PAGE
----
Saudi Arabia’s economic diversifi cation initiatives, one of the priorities listed in its fi ve-year development plan, has yielded positive results, Dr. Waleed Al-Wohaib, chief executive officer of the International Islamic Trade Finance Corporation (ITFC) – a member of the Islamic Development Bank Group – said in a speech before the first Saudi Conference for Trade Finance and Export held in Riyadh recently.
Dr Al-Wohaib said as a result of Saudi’s diversification efforts, its non-oil sector now accounts for 62 per cent of its GDP, with the private sector contributing 58 per cent of that output.
Dr Al-Wohaib also noted that Saudi Arabia has been ranked 13th among the world’s most competitive economies, according to the International Finance Corporation, and the annual report of the World Bank issued in 2010 entitled Doing Business. The latter highlighted the kingdom’s accelerated economic growth rate resulting from extensive reforms in the economic sector; and classifi ed Saudi Arabia, for the fift h consecutive year, as the best country in which to do business in the Middle East and Arab world as a whole.
Dr Al-Wohaib also noted that Saudi Arabia’s accession to the World Trade Organisation (WTO), had brought benefi t to the Saudi economy in general, and supported the expansion of the Saudi private sector in particular.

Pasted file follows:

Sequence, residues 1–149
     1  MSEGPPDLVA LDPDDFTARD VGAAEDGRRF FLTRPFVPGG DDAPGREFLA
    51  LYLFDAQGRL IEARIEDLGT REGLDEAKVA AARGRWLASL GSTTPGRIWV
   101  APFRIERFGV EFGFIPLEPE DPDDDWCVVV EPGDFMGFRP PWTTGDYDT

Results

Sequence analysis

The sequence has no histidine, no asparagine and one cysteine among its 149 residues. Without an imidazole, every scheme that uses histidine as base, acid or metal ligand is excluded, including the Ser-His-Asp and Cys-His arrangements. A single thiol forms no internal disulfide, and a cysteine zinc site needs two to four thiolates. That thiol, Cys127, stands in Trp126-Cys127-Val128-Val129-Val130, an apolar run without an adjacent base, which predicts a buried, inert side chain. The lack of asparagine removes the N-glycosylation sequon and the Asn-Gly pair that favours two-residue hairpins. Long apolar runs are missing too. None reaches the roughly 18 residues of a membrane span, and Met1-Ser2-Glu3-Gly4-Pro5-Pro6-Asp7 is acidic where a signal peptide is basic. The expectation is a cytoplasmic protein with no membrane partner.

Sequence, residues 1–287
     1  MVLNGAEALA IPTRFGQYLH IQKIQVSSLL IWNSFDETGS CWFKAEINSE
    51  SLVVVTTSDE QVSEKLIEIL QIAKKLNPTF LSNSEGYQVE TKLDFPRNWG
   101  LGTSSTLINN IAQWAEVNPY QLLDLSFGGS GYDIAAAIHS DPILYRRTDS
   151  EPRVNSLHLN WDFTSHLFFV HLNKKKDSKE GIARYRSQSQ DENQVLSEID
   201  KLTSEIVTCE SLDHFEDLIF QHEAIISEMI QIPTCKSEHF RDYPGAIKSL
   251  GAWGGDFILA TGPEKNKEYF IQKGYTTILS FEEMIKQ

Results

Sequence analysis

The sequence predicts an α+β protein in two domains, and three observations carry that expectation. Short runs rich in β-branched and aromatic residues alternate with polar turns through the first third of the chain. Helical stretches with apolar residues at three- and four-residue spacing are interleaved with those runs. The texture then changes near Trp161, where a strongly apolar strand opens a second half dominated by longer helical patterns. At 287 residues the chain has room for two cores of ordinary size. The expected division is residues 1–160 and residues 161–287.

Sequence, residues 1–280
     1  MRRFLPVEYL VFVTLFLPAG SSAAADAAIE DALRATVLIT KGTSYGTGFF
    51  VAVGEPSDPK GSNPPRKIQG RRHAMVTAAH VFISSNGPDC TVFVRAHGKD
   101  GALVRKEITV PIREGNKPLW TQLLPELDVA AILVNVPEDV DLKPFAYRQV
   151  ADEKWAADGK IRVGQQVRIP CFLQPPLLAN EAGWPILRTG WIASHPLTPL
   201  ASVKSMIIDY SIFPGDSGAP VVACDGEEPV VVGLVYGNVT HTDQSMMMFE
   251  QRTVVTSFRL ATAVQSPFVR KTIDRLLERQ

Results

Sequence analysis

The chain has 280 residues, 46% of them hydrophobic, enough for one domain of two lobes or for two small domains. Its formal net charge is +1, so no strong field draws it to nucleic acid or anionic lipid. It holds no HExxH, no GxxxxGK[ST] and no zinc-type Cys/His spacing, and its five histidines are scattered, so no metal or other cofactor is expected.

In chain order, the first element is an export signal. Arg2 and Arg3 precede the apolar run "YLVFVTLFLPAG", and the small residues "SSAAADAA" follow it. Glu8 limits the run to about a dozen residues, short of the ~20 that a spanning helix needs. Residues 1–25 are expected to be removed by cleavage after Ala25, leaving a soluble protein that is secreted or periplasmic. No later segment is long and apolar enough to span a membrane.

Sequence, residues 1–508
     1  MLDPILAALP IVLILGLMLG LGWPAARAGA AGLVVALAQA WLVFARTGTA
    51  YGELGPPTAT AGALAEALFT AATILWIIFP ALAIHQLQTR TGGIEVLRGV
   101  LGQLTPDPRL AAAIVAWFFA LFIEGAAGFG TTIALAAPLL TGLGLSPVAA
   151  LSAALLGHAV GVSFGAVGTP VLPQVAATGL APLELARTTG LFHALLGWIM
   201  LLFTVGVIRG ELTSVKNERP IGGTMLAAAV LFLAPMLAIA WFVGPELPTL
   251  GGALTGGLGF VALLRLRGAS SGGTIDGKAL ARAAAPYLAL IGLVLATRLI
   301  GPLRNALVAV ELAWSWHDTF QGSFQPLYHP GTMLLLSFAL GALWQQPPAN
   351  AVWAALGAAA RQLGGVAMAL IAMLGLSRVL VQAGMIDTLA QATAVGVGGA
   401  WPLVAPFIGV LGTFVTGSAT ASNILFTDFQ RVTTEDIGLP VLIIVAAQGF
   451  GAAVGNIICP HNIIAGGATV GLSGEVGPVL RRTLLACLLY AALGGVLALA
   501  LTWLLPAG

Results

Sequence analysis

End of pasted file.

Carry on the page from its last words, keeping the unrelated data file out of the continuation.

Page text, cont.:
He also emphasised the need for Islamic countries to meet the unprecedented challenges of external shocks that can have a disruptive eff ect on trade – as seen in the fi nancial crisis in 2009 – by implementing national policies that can alleviate the diffi culties associated with these challenges.
He pointed out that those plans made to overcome the negative effects of the crisis resulted in renewed confi dence and improved access to credit, which helped international trade to restore its position.
Moreover, he said that global trade was currently facing a funding defi cit that had reached about $250bn. however, that was a small amount compared with the value of world imports, which amounted more than $12.6 trillion in 2009, representing a decline of more than 20 per cent for the same value for the year 2008, which amounted $16 trillion.
He explained that lack of trade fi nance was not the only factor behind this decline in the world trade. Others included loss of confi dence, ineffi cient economic policies and lack of hard currency. Th ese, too, had to be addressed, he said.